The University of Arizona logo

Informal Mediation

Employees have different backgrounds, experiences, and work styles, so it's natural that they aren’t always going to see eye-to-eye. Most of the time, employees can resolve conflicts on their own, or with the help of a supervisor. But, if conflict continues, it can be helpful to bring an impartial person into the conversation – a mediator.

HR’s informal, voluntary, and confidential mediation program, "Point of View," helps employees resolve workplace conflicts and strengthen workplace relationships. Informal mediation is really just a conversation. The mediator facilitates the conversation, making sure each employee has a chance to share his or her perspective. With the help of the mediators, employees brainstorm possible solutions, and if they make decisions about how to move forward, the mediators create a written summary. Informal mediation can help improve communication, clear up misunderstandings, and result in solutions that meet everyone’s needs.

If you are interested in learning more about "Point of View," contact us at (520) 626-0850 or

Key Elements of Informal Mediation 

  • University Mediators – All mediators are UA faculty, appointed professionals, or classified staff who have received mediation training.
  • Informal – Mediation is similar to a conversation. The mediators simply help the conversation stay civil and helps the participants craft a solution to their conflict.
  • Voluntary – No one can be compelled to participate in mediation or agree to a particular solution.
  • Impartial – Mediators are not judges or arbitrators who make decisions or recommendations. In informal mediation, people come up with their own solutions to resolve conflict.
  • Confidential – Confidentiality is maintained unless there is a threat of harm to self or others or allegations or discrimination.

What is Informal Mediation?

During informal mediation, an impartial mediator (i.e., someone with no stake in the issue) sits down with people experiencing conflict and helps them come up with solutions. With the help of the mediator, each person gets to share his or her “point of view” uninterrupted. The mediator doesn’t decide who is right or wrong; instead, the mediator helps people understand what’s behind the conflict and brainstorm options to solve it. If the participants are able to come up with their own solutions to the conflict, the mediator helps draft a written summary, a copy of which each participant receives.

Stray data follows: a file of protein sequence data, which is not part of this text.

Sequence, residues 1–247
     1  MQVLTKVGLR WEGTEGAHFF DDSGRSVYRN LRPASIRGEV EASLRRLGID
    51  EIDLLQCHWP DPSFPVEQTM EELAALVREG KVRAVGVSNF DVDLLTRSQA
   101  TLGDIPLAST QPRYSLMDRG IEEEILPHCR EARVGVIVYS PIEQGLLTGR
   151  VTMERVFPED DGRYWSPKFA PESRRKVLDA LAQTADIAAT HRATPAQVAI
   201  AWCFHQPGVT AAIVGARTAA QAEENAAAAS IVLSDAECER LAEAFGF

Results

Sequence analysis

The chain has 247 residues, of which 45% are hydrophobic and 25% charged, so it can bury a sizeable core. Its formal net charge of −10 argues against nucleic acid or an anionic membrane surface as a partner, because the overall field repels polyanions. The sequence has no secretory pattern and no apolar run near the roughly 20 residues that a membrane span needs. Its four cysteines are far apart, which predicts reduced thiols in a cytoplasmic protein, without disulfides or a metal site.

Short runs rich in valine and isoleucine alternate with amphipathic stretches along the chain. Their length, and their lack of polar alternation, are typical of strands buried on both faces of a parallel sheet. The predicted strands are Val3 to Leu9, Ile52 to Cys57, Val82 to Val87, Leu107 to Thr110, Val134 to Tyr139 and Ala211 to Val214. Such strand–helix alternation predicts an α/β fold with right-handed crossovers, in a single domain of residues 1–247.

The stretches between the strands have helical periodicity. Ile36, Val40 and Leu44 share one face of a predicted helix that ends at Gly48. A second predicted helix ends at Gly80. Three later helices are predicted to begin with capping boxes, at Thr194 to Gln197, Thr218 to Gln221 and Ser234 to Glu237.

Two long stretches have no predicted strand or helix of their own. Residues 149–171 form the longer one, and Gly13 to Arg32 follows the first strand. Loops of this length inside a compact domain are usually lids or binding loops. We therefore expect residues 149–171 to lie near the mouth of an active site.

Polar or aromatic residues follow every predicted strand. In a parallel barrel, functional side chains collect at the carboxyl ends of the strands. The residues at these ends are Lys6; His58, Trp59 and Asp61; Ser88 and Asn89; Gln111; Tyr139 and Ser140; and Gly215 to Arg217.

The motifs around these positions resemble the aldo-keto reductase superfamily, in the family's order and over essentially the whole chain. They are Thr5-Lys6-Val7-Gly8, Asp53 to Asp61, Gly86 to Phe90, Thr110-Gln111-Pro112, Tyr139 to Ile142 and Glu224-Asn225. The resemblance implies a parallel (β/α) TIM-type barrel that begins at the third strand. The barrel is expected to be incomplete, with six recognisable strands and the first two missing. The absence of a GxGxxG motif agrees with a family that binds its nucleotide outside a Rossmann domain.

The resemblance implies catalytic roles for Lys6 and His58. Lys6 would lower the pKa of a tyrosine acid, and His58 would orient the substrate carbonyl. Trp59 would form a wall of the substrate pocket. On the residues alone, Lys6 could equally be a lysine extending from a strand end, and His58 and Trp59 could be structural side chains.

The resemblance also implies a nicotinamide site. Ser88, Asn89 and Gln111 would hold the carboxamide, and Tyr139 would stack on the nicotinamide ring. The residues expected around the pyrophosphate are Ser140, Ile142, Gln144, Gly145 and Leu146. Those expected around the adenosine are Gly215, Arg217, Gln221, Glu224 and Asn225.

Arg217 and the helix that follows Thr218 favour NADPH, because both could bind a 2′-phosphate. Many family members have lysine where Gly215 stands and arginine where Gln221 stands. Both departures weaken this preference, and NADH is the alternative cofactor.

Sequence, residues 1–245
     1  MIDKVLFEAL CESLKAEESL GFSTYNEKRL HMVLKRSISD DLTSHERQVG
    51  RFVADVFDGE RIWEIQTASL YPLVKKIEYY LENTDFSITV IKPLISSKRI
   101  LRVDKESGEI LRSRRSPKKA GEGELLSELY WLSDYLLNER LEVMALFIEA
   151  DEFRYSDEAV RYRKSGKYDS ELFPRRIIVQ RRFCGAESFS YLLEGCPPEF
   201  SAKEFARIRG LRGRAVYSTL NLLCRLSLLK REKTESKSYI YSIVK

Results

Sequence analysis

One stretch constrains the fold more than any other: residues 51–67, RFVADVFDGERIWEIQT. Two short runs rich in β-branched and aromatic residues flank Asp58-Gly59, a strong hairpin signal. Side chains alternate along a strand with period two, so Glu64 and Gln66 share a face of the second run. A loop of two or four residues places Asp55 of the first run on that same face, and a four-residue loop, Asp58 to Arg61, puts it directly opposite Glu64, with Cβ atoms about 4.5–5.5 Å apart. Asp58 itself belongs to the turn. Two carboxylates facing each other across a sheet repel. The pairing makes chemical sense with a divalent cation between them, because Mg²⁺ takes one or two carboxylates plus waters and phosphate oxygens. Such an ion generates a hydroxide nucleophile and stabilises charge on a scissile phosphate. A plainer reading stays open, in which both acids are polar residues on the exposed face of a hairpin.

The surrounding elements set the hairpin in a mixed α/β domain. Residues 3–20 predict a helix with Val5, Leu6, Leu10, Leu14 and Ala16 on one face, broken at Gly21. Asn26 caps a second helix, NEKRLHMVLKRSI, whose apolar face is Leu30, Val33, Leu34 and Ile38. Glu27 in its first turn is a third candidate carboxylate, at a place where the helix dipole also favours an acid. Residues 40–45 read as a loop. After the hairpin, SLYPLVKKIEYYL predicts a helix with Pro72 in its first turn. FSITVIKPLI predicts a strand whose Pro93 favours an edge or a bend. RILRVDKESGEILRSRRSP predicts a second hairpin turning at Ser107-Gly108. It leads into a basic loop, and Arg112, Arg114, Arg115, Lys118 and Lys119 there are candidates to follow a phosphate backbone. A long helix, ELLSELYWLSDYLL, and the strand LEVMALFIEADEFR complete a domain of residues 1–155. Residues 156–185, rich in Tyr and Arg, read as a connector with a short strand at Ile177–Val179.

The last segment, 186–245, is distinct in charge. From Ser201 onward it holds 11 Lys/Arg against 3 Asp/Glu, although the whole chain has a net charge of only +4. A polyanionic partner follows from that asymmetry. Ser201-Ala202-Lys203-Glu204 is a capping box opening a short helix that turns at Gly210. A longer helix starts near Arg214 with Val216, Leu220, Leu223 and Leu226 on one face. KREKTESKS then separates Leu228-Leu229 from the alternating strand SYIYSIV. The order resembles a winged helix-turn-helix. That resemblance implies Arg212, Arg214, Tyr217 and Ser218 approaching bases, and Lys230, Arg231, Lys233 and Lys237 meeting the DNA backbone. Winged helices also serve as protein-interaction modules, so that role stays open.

The UA uses a co-mediation model, with a mediator from HR and a volunteer mediator from the campus community. The mediators reflect the diversity of the University, with mediators who are faculty, appointed professionals, and classified staff. All of the mediators have participated in mediation training.

Informal mediation is a voluntary process. For the mediation to take place, all employees must agree to participate. Supervisors can’t require their employees to participate in informal mediation.

If an employee is interested in informal mediation, he or she will speak to the Point of View Program Manager about the situation. If the situation is eligible for informal mediation, the Program Manager will contact the other employee(s) involved and ask if they are willing to participate. If everyone is willing to participate, the Program Manager will schedule the informal mediation and assign mediators.

Mediation is confidential, with a couple of exceptions. If an employee alleges that another University employee has discriminated against him or her, the mediators are required to report that information to the Office of Institutional Equity. Additionally, if a mediator believes there is the potential for harm to self or others, the mediator must report that information.

Before participating in informal mediation, employees must sign an Agreement to Participate in Informal Mediation. As part of this agreement, employees agree to maintain confidentiality of information shared during the mediation process.

Example issues that are eligible for mediation

  • Disagreements have arisen between project team members due to differing work styles.
  • An employee would like a flexible work schedule, but his supervisor has not been open to the idea.